I cringe whenever I see that word in a news article. And I see it so often in journalese. Stories about developing countries often feature phrases like tribal healer, tribal […]
Storyteller. At its basic level, the word conveys the role of someone who preserves the memories, beliefs, aspirations, experiences of a people, a society, a civilization. Storytelling is the convergence of many disciplines, as many disciplines involve storytelling such as history, sociology, anthropology, photography and of course, literature.
I appreciate the storytelling that is done on a micro-level that requires one-one-one interaction with people on-the-ground.
Researchers say that it’s the ability of humans to tell stories that has greatly contributed to our survival as a dominant species.
Mnyazi wa Menza a.k.a Mekatilili was a strong woman known for her fierceness and resistance of colonial rule in Kenya. This photography project represents her life in the Giriama region of Kenya where she lived from the1840s to 1924, according to local sources. In this reimagination, a fearless Mekatilili is pictured readying for battle, defying the age-long patriarchal norms in Kenyan (and generally, African) societies. Women were not known to be headstrong during that time, but Mekatilili could not be silent about the colonial oppression in her community.
For the past two years, I have been engaged in a personal project to collect firsthand accounts of the Nigerian Civil War (AKA Nigerian Biafran War or the Biafran War). I started this project because I wanted to learn more about this crucial moment of history, which affected my family and millions of others. I also wanted to allow the people who lived through it to speak and to have their words documented. The war began in 1967 and the ones with solid memories of it are at least 57 years old or so.
Rwanda is shaking off its violent past and young content creators- writers, bloggers, filmmakers, journalists- are trying to tell the world that Rwanda is more than a post-genocide nation. I took a trip to Rwanda a few months ago to meet some of the young people.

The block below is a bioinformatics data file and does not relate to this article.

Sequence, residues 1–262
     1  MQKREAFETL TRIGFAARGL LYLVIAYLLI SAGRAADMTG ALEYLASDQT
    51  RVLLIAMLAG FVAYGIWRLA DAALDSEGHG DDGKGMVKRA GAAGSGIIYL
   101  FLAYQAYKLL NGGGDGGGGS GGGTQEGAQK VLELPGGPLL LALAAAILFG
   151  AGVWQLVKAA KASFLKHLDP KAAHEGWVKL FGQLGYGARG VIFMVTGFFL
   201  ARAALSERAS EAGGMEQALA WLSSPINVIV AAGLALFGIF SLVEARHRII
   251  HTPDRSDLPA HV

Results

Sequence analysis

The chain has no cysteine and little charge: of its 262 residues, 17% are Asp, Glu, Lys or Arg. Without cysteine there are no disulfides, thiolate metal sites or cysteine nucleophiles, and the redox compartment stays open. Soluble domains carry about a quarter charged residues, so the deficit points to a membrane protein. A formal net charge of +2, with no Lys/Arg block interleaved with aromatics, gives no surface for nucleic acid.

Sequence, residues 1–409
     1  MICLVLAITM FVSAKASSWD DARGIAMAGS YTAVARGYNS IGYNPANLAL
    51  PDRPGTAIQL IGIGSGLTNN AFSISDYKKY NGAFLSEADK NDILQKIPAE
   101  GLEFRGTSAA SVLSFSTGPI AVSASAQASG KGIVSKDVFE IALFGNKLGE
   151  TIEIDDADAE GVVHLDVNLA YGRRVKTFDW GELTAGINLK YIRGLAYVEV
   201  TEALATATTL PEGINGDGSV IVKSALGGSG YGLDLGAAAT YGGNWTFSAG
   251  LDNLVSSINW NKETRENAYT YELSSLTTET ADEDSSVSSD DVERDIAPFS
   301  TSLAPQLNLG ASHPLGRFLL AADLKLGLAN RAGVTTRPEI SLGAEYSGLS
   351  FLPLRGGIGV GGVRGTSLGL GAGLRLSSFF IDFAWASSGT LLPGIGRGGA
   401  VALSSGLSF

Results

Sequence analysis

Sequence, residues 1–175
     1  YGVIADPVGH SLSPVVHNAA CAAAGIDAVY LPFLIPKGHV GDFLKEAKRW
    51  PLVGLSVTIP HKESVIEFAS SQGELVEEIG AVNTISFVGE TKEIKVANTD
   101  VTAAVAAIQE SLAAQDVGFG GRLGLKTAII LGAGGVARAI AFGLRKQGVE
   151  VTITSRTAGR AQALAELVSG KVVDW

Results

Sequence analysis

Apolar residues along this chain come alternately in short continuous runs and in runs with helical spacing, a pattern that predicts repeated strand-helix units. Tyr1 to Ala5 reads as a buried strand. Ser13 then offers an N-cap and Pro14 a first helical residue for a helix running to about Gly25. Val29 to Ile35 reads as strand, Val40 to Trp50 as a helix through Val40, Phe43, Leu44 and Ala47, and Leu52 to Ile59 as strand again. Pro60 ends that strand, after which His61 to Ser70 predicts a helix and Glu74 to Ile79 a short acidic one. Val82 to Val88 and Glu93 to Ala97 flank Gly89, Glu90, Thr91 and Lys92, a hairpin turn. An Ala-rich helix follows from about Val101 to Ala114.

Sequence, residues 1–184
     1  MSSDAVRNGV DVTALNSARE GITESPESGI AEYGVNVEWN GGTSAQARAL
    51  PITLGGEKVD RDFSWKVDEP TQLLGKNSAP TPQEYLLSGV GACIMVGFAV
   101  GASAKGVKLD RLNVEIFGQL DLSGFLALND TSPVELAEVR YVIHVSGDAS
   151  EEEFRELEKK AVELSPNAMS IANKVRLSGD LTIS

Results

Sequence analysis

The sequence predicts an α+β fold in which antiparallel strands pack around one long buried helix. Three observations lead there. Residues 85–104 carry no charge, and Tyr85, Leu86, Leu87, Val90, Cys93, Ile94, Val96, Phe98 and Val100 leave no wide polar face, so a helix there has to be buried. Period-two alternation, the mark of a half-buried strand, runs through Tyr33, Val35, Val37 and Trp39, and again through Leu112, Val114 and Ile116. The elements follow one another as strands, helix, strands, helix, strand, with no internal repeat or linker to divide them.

This is the story of a lost medieval city you’ve probably never heard about. Benin City, originally known as Edo, was once the capital of a pre-colonial African empire located in what is now southern Nigeria. The Benin empire was one of the oldest and most highly developed states in west Africa, dating back to the 11th century.
The Guinness Book of Records (1974 edition) described the walls of Benin City and its surrounding kingdom as the world’s largest earthworks carried out prior to the mechanical era.
If Africa is a country, then Fidel Castro is one of our national heroes. This may come as a surprise to many oblivious of Africa’s postcolonial history and Castro’s role […]
More than a century since the German Empire carried out racial extermination in Namibia and in the wake of its recognition of the Armenian genocide, Germany is being urged to do the same for Namibia. But Berlin’s unwillingness to grant reparations has been criticized.
On a road trip in Senegal, Dakar’s nightlife shines and Saint-Louis sings DAKAR, Senegal — From dizzying Dakar to vibrant Saint-Louis, Senegal pulsates with rich culture, history and […]
As the world remembers “The Greatest” boxing champion who ever lived, Muhammad Ali, I remember his audacious black pride. With his gloves and his lyrical prowess, he showed the world […]